A SERIES of laboratory studies were conducted on 19 patients with pemphigus vulgaris at the Dermatology Service of the University of Minnesota. Six of the patients were women and 13 were men. Eight were born in the United States, three in Sweden, two in Norway, one in Finland, and one in Russia. There was only one Jew, and he was American-born. The patients included two with acute pemphigus, one with pemphigus foliaceus, one with pemphigus vegetans, and one with pemphigus erythematosus. To date six have improved. There were six deaths in the group. The apparent prolongation of life expectancy in the others was discussed elsewhere.1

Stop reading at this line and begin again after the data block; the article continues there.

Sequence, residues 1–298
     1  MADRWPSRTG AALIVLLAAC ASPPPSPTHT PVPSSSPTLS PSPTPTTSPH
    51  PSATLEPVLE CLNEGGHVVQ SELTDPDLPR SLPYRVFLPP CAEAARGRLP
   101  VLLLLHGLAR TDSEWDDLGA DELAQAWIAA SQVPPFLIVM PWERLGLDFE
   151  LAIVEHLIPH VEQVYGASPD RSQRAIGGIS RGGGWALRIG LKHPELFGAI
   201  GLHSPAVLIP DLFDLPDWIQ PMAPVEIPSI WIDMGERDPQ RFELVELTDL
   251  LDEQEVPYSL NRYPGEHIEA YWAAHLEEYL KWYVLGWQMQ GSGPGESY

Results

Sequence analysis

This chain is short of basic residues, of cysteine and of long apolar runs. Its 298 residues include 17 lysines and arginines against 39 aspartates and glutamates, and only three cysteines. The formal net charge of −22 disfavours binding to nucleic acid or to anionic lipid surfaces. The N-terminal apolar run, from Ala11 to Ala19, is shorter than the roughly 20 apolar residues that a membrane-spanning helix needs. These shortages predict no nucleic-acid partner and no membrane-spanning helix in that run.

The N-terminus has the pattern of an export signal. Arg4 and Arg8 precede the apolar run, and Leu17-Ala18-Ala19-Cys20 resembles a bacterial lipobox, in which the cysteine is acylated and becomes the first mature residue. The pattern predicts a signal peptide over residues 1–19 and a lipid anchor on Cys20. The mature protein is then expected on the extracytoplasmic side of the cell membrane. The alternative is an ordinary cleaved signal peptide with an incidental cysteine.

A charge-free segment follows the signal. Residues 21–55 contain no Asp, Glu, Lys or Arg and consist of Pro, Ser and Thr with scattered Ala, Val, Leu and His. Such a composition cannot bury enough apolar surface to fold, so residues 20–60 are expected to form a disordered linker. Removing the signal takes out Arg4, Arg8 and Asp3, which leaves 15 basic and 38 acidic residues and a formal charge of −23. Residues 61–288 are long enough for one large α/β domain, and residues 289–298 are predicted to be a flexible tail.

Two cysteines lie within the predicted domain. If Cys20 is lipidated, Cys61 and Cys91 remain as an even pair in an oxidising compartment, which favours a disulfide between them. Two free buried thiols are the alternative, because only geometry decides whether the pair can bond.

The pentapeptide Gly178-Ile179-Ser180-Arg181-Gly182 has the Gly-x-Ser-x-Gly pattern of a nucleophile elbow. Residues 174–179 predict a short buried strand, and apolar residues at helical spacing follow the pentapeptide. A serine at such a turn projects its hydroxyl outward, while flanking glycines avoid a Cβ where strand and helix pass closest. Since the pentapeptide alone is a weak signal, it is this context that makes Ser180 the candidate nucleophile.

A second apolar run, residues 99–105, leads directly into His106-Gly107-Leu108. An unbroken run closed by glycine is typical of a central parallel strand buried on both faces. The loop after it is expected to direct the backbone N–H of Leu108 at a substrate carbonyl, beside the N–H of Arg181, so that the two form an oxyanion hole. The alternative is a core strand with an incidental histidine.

The laboratory findings are taken up separately. In the accompanying tables the blood levels of only a few of the patients are listed. This is done for clarification and in order to show principally those levels determined at comparable times for the same
FISHER I. PEMPHIGUS VULGARIS: A Clinical and Laboratory Study. AMA Arch Derm Syphilol. 1952;66(1):49–58. doi:10.1001/archderm.1952.01530260052004
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